We kicked off the 48 Hour Film Project in Cleveland last weekend, and I’ve been busy watching the 38 short films that were created as a part of this year’s competition.
The vast majority of the filmmakers this year had never competed in the 48HFP before, so I really wasn’t sure what to expect from the films.
And I’m happy to report that I’ve been pleasantly surprised.
The films for the most part have been quite good, with many of them rivaling films created in previous years by filmmakers that have competed in the 48HFP many times. There were even a few first time filmmakers (including one 16 year old girl) that you would never guess had never made a film before.
Very impressive, especially given they were created in 48 hours.
That’s not to say they weren’t without some small issues here and there. And one problem that several films have in common is very flat footage.
What do I mean by flat?
In “normal” footage, the darkest shadows in the shot are black, and the brightest areas of highlight are white.
In the films that look flat, the blacks look more grey, and the brightest areas of the shot aren’t a true white, but something closer to a very light grey or beige. The overall shot looks muddier than that of the “normal” footage.
The thing is, the films that look flat actually have the potential to look better than those “normal” looking films–but they’re missing a very important step.
See, that “flat” look comes from shooting in Log format. And it’s actually a very good thing, when done right.
I won’t get into the technical details here, but Log format is a setting found on most professional cameras and many prosumer level cameras that allows you to preserve more of the dynamic range of the shot.
In “normal” footage, assuming that you’ve properly exposed your shot, you’ll have a decent looking image straight out of the camera. The darkest areas will be black, and the brightest areas white.
The problem is, that’s not actually how those images looked in real life.
In real life, what appears as pure black shadows in your footage actually has much more detail. These are details that the human eye can see, but they just appear as black in your footage.
And the opposite for the brightest shots–if you shoot a video of a cloud, chances are that cloud is going to appear mostly as an almost pure white ball of fluff on camera. But in real life, we can see a lot more detail.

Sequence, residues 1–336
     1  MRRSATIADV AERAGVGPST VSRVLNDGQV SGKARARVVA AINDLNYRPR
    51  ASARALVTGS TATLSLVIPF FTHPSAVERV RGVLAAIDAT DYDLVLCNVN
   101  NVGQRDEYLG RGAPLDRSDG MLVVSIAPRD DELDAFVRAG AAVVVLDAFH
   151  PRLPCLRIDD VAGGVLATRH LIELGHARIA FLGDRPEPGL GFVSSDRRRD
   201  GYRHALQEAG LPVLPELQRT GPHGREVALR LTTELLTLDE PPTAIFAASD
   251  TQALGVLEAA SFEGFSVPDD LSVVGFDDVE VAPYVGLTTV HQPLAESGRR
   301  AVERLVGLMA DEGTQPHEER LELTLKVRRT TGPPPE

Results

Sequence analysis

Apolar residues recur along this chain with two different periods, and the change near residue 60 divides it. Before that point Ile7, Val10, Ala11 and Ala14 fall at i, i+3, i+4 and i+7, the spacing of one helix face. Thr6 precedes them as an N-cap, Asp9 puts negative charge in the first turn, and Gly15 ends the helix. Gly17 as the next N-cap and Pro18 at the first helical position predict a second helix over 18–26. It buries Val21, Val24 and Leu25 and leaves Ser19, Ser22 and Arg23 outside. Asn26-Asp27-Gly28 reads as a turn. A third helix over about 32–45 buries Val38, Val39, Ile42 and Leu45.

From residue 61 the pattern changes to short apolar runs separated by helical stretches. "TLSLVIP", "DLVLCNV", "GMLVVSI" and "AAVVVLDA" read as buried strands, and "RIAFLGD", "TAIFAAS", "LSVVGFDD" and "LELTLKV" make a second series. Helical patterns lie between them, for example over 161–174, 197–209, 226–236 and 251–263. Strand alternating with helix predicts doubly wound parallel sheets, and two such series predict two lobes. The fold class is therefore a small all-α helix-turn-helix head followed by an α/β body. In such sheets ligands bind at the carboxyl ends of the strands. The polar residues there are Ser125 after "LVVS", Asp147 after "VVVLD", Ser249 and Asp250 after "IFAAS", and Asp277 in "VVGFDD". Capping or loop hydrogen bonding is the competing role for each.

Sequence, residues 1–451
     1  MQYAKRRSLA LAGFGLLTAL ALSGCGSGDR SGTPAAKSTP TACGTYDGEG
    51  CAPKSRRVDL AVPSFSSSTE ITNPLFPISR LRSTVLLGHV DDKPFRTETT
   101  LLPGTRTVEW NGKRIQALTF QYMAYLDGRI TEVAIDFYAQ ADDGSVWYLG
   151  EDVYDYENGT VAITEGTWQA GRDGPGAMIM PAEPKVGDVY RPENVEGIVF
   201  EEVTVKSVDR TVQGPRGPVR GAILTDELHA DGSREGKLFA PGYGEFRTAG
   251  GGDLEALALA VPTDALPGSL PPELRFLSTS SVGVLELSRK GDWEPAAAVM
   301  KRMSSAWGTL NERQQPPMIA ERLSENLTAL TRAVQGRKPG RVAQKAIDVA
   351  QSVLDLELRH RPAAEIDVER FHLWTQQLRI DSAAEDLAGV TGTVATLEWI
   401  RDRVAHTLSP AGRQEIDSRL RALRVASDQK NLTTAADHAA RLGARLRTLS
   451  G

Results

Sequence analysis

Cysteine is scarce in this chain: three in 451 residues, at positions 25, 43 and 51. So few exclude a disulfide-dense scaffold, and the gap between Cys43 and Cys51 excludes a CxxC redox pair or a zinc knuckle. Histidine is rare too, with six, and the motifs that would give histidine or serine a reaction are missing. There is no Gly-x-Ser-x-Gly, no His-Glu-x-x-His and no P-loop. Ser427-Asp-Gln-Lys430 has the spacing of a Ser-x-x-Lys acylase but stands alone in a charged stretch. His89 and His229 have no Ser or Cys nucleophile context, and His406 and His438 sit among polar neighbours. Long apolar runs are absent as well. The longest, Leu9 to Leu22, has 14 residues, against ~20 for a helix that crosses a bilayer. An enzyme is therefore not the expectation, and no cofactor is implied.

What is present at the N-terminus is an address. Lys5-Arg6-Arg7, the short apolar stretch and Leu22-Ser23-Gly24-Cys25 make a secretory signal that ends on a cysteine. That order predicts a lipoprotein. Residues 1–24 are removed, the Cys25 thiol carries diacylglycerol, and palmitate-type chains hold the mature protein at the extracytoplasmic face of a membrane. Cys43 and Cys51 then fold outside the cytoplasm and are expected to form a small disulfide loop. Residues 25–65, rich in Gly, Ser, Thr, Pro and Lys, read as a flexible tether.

That’s because in a “normal” camera setting, dynamic range (the full range of black to white) is recorded using a linear function. In a nutshell, the way the footage is processed, there are a limited number of levels of dynamic range that the camera can use.
So that’s why instead of seeing all of that detail, you just see pure black or pure white in the darkest and brightest parts of the shot.
What shooting in Log format does is preserve those details, but it does so at the expense of overall contrast of the photo. So you get all of those details in the blacks and whites, but overall the image looks very flat.
“Normal” footage on the left, Log format footage on the right-note the details under the porch.
The good news is, you can “fix” this flat footage, but it requires a very important second step in post production.
And the final product of the Log footage after this important second step will look MUCH better than “normal” footage–you can “unflatten” the image, get all of that great contrast back into the shot, and still preserve all of those details in the shadows and highlights. It’s much closer to what the human eye sees, and looks richer and more natural than “normal” footage will.
These films that look very flat actually did a good thing by shooting in Log format, but they are missing that very important second step.
And what is that second step?
It’s one of the secrets to having great looking, cinematic footage. And it’s something I cover in detail on a training that I’m developing right now.
A training that will soon be available exclusively to Gorilla Film School members.
If you’d like to know this “secret”, and many more, sign up for the interest list for the GFS membership program.
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